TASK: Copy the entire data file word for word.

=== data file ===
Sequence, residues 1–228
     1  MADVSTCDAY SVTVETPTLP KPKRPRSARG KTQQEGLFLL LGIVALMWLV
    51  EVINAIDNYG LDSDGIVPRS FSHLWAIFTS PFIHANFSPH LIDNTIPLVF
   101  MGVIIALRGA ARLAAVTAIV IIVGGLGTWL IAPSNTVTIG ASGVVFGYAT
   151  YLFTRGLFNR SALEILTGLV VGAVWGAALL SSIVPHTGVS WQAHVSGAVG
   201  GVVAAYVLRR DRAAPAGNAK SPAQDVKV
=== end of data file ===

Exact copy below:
Sequence, residues 1–228
     1  MADVSTCDAY SVTVETPTLP KPKRPRSARG KTQQEGLFLL LGIVALMWLV
    51  EVINAIDNYG LDSDGIVPRS FSHLWAIFTS PFIHANFSPH LIDNTIPLVF
   101  MGVIIALRGA ARLAAVTAIV IIVGGLGTWL IAPSNTVTIG ASGVVFGYAT
   151  YLFTRGLFNR SALEILTGLV VGAVWGAALL SSIVPHTGVS WQAHVSGAVG
   201  GVVAAYVLRR DRAAPAGNAK SPAQDVKV